Rhetorical And Literary Devices In Shakespeare's Julius Caesar

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In many writings, rhetorical and literary devices can be found to make a statement stronger to readers. In Julius Caesar, one of many tragedies written by William Shakespeare, Caesar returns from war after killing Pompey and, many begin to argue over whether Caesar is considered a hero or a dictator. The people of Rome praised Caesar so Brutus, a friend of Caesar that believes he was using his power to hurt Roman, gathered conspirators and stabbed Caesar to death twenty-three times. Brutus then explains to Rome why he has murdered Caesar and Antony, a good friend of Caesar, also gives a speech to tell Rome that Caesar was not the horrible man that they assumed he was. In Brutus’ and Antony’s speech at Caesar’s funeral, both characters used many rhetorical and literary devices to persuade the Roman citizens.
In one of Shakespeare’s famous novels, Julius Caesar, Brutus convinces the people of Rome that killing Caesar was for the better by using pathos, logos, and parallelism in his speech. The Roman citizens become chaotic after hearing Caesar has been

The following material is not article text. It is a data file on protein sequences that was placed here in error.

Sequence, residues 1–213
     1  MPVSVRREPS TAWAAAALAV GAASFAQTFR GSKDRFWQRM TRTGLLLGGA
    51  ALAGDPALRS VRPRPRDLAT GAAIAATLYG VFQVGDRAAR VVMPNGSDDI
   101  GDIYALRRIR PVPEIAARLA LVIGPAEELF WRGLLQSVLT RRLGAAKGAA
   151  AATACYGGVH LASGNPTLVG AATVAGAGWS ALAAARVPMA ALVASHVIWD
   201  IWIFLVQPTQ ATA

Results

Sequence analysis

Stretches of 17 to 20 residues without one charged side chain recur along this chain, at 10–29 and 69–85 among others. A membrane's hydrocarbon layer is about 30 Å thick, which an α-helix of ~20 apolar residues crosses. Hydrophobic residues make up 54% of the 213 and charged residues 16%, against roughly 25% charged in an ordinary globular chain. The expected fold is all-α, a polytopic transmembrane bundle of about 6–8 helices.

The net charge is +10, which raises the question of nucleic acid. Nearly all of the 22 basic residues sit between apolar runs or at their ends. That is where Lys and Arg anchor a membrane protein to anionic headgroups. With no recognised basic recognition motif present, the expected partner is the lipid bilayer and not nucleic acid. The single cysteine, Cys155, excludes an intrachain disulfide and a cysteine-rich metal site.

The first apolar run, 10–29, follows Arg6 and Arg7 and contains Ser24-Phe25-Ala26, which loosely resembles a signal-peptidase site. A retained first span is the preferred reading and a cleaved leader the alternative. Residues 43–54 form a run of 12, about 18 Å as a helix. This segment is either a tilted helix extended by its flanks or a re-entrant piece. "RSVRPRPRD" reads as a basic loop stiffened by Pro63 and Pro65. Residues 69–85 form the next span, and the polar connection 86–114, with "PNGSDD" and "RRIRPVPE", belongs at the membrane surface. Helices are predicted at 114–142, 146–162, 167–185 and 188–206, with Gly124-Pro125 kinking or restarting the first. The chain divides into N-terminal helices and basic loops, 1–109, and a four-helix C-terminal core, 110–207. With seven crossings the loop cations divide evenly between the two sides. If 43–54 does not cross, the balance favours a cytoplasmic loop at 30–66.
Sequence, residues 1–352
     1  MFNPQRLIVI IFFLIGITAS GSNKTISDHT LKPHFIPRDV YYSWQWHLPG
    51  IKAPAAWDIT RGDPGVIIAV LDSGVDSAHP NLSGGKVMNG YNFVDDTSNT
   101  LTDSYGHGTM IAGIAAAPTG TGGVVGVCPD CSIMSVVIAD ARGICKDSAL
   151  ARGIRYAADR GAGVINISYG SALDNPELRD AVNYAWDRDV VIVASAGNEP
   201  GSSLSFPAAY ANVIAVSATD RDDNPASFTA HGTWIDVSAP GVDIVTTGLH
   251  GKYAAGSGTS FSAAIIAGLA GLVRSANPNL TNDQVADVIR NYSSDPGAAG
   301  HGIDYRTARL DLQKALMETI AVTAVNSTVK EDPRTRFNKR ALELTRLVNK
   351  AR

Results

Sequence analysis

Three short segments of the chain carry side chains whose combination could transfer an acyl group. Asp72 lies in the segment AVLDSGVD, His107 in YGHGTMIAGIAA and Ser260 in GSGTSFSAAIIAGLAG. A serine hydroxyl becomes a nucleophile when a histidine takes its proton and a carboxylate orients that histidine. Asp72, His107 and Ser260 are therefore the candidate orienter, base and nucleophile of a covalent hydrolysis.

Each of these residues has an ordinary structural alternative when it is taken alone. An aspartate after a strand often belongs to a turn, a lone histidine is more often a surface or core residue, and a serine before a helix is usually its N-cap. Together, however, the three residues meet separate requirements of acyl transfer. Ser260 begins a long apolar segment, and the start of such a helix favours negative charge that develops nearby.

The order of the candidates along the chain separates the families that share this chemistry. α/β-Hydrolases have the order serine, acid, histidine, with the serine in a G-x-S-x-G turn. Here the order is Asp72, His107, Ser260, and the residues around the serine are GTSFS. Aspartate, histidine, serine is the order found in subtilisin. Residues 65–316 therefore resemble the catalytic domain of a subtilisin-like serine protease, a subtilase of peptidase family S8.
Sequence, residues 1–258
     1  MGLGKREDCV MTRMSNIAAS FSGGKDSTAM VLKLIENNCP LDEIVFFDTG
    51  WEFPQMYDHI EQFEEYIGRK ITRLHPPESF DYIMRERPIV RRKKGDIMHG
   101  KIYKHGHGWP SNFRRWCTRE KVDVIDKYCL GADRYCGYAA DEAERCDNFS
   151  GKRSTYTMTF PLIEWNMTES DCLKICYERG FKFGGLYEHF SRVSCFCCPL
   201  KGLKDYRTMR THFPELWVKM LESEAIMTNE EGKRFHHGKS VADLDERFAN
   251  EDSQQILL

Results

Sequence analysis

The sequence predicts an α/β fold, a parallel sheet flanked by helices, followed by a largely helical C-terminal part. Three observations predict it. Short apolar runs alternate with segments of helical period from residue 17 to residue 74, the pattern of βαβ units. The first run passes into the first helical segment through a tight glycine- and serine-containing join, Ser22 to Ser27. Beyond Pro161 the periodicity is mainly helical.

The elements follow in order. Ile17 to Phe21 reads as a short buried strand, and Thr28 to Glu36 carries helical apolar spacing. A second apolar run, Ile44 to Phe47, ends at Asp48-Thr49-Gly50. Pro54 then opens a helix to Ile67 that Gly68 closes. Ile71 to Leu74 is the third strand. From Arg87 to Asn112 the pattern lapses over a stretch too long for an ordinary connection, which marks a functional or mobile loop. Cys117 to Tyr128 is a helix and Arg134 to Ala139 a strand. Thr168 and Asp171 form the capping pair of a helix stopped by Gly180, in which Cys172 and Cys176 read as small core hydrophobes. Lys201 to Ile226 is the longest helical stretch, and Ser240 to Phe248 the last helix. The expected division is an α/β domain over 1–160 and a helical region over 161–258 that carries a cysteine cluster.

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Although both men use a tremendous variety of literary devices, Antony allures the crowd’s attention by appealing more to emotion while Brutus appeals to reason and logic. Another way these speeches are similar is that their purpose is to persuade Rome. On the other hand, Brutus wants to persuade the people that Caesar was ambitious and had to be killed for the good of Rome as to Antony tells the listeners that Caesar did nothing wrong, so there is no reason to hate him. Despite the ways that these two characters are the same, Antony portrays a stronger argument because he attracts to people’s emotions instead of using logic and reasoning. Appealing to emotions are a more effective argument because it touches the audience’s heart and has them react based on their feelings rather than reacting based on someone’s reason and
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